Hit & Run: How to live long and prosper

The world's oldest person, Sakhan Dosova, a mother of 10 from Kazakhstan, celebrating her 130th birthday tomorrow, puts her longevity down to her sense of humour. "I don't have any special secret," she says, modestly. "I've never taken pills, and I've never eaten sweets." Sounds simple, doesn't it?

However, it's not the only theory. Supercentenarians from the Scottish glens to the Japanese islands are quick to come up with different ways to defy the Grim Reaper.

Gertrude Baines (115), who lives in Los Angeles, was thought to be the world's oldest person until Dosova tottered out of the woodwork (Dosova's age came to light during a census earlier this year). Baines simply thanked God for her time on earth when interviewed by CNN in 2006. Portuguese widow Maria de Jesus, who died in January at the age of 115, credited a life free from cigarettes, alcohol and meat (though she often gorged herself on rice pudding or ice cream).

George Burns, the American radio comedian and vaudeville star who died in 1996, aged 100, thought his work was important. "Age means nothing to me," he used to say. "I can't get old. I'm working. I was old when I was 21 and out of work." Bob Taggart, 109, the oldest man in Scotland, told Scotland on Sunday last year that the tunes of Engelbert Humperdinck spiced up his life. "Even around the house, I would love to sing his songs. It helped keep me young."

There are some who even make a living out of their senior looks. Maybe that's the secret? Daphne Selfe, still modelling for Dolce & Gabbana at 80, earns up to £1,000 for a day's work. "I don't feel a day over 60. It's fantastic, it's fun and keeps me young," she says. "I'll continue modelling until they stop asking." Carmen Dell'Orifice, known by the fashion press as a "classic model", is also still working at 77.

So what do the scientists say? "I think the most sensible thing to do is choose your parents very carefully in terms of socio-economic status and genetic background," says Pamela Holmes, head of the healthy ageing programme at Help the Aged.

"Life expectancy is increasing for men and women, but healthy life expectancy is not keeping up. People can be ill for many years. I don't think there is any secret to long life. The straightforward lifestyle advice would be to keep physically active to build up resilience to ill health. And obviously good nutrition – a broad and varied diet doesn't hurt."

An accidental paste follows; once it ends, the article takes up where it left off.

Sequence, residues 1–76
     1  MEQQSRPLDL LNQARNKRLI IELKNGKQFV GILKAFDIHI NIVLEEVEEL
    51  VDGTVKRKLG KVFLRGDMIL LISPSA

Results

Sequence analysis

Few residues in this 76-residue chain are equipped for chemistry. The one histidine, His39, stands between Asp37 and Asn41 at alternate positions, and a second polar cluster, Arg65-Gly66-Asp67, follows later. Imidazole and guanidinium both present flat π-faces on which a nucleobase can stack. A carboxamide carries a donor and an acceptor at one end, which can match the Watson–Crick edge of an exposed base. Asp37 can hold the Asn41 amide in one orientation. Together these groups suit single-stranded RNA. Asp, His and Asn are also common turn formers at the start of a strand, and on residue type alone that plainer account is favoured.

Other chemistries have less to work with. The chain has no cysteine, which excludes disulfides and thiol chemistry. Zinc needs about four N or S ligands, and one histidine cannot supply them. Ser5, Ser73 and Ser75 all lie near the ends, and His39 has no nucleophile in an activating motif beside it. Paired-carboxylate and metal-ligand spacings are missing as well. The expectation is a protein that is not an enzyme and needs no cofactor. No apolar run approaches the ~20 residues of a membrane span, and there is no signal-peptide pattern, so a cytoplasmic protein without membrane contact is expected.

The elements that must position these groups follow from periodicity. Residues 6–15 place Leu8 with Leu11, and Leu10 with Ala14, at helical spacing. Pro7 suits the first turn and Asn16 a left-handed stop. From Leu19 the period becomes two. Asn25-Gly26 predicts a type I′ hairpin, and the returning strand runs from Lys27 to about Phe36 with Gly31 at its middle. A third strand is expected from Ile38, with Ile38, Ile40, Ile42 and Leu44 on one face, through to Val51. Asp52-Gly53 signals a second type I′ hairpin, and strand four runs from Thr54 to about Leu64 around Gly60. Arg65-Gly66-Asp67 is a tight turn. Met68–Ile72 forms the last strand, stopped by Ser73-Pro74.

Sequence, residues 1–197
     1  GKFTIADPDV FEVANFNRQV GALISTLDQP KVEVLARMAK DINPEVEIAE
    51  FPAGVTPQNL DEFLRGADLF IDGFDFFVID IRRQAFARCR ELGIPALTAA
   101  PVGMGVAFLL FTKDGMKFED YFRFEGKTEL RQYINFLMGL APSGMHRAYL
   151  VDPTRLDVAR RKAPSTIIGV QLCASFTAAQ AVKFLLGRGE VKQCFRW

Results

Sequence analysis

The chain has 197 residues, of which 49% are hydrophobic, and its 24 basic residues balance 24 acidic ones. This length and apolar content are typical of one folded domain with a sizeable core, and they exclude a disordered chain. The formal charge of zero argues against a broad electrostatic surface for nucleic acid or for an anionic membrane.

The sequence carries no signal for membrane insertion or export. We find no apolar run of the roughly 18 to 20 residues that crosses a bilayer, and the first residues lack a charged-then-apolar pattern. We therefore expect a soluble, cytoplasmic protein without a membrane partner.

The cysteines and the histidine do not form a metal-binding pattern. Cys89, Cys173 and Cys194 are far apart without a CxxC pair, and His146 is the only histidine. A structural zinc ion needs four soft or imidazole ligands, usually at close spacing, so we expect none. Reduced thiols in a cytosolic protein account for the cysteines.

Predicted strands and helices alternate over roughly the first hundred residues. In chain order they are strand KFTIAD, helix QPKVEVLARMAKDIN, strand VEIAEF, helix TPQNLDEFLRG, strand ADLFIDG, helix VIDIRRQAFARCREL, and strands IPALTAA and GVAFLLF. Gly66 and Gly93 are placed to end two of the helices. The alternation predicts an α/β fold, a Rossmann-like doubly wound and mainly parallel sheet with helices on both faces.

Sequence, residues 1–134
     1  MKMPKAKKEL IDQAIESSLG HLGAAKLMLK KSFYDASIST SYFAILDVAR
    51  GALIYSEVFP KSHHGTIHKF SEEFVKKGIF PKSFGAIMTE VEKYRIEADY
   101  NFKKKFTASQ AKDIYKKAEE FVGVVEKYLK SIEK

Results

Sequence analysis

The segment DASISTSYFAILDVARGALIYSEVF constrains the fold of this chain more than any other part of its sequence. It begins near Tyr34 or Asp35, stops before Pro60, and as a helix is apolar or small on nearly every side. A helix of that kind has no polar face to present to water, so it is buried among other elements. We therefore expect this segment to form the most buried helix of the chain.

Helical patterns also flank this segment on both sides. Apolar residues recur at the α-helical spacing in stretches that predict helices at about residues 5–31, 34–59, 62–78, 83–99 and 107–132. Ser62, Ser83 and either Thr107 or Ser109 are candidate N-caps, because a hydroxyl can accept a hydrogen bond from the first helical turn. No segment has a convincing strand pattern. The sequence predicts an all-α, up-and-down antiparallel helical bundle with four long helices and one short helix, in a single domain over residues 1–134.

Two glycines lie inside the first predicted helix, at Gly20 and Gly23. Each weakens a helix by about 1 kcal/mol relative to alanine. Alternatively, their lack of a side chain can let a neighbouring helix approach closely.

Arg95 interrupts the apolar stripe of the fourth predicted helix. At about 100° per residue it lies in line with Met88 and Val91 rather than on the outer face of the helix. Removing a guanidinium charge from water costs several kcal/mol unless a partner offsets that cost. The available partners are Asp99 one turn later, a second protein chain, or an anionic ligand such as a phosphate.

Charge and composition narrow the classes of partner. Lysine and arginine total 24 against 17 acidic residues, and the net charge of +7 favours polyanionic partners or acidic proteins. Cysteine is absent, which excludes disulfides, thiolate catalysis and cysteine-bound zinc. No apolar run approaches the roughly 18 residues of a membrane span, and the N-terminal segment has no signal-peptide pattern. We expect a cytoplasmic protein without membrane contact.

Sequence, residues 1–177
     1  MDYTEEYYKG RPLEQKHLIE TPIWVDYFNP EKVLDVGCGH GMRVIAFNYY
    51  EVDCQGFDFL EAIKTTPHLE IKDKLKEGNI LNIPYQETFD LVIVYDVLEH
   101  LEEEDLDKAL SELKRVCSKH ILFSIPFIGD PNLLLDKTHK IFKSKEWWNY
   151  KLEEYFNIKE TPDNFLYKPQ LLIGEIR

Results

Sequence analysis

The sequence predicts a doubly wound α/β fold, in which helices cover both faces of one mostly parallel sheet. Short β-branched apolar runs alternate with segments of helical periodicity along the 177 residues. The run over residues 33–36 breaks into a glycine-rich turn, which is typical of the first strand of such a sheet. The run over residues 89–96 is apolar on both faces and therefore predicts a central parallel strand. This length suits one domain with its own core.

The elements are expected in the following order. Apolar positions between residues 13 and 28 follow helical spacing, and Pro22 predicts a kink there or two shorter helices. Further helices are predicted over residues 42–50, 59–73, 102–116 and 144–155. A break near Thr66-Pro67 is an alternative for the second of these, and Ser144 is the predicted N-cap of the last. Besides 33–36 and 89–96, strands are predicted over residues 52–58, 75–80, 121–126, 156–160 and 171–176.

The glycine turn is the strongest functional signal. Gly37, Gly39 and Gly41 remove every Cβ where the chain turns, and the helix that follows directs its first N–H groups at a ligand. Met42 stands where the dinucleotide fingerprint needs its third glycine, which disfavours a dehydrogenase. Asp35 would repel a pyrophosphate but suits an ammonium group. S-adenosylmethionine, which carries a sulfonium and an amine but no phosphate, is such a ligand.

But perhaps, instead of heeding the advice of every freak of nature teetering on the precipice, we'd do well to remember the words of Sir Clement Freud, who once remarked: "If you give up smoking, drinking and loving, you don't actually live longer - it just seems like it." Rob Sharp

And now, children, it's time for Poo Peter

Tuesday wasn't the first time that TV viewers watched a pile of crap on Blue Peter. Many traumatised children witnessed Lulu the elephant defecate all over the set (and John Noakes) in 1969. But it's certainly the first time that the 50-year-old children's programme ever encouraged young tricksters to make a fake, April Fool's Day turd out of a plastic bottle, papier mâché and some brown paint (the co-presenter Andy Akinwolere extracted a finished model from a cupboard with the words, "Here's one I made earlier.")

Did Biddy Baxter, the show's veteran editor and éminence grise, know about this tasteful initiative? Is she happy to have her brainchild renamed "Poo Peter" by The Sun? I suspect that, had she known, she'd have pointed out that, far from resembling any turd in the known world, the sticky-backed-plastic version looked like a slab of bread-and-butter pudding. If a thing's worth doing, she would probably have reminded the giggling presenters, it's worth not making it look like shite. John Walsh

Madoff's only winner

Bernard Madoff's victims can only look on in envy. A New York builder made a return of 16,000 per cent by trusting his money to the Wall Street fraudster – when he played the state lottery. Ralph Amendolaro turned a $9 stake into a $1,500 pay-out by betting on the last three digits of Madoff's prison number, 61727-054, after it was splashed in the New York Daily News when he was jailed this month.